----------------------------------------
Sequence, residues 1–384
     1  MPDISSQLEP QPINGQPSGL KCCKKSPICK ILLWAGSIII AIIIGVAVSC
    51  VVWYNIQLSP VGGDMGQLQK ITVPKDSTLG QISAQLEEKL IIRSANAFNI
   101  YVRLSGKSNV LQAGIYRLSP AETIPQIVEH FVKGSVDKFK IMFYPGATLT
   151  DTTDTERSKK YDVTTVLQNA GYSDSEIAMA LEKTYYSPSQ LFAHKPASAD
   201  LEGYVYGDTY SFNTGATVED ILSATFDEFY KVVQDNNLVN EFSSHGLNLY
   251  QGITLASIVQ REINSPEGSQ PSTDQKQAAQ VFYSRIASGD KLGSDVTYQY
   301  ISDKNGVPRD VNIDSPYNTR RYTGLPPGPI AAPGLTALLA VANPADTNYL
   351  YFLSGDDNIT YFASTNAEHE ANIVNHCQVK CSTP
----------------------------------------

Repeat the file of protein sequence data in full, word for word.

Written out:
Sequence, residues 1–384
     1  MPDISSQLEP QPINGQPSGL KCCKKSPICK ILLWAGSIII AIIIGVAVSC
    51  VVWYNIQLSP VGGDMGQLQK ITVPKDSTLG QISAQLEEKL IIRSANAFNI
   101  YVRLSGKSNV LQAGIYRLSP AETIPQIVEH FVKGSVDKFK IMFYPGATLT
   151  DTTDTERSKK YDVTTVLQNA GYSDSEIAMA LEKTYYSPSQ LFAHKPASAD
   201  LEGYVYGDTY SFNTGATVED ILSATFDEFY KVVQDNNLVN EFSSHGLNLY
   251  QGITLASIVQ REINSPEGSQ PSTDQKQAAQ VFYSRIASGD KLGSDVTYQY
   301  ISDKNGVPRD VNIDSPYNTR RYTGLPPGPI AAPGLTALLA VANPADTNYL
   351  YFLSGDDNIT YFASTNAEHE ANIVNHCQVK CSTP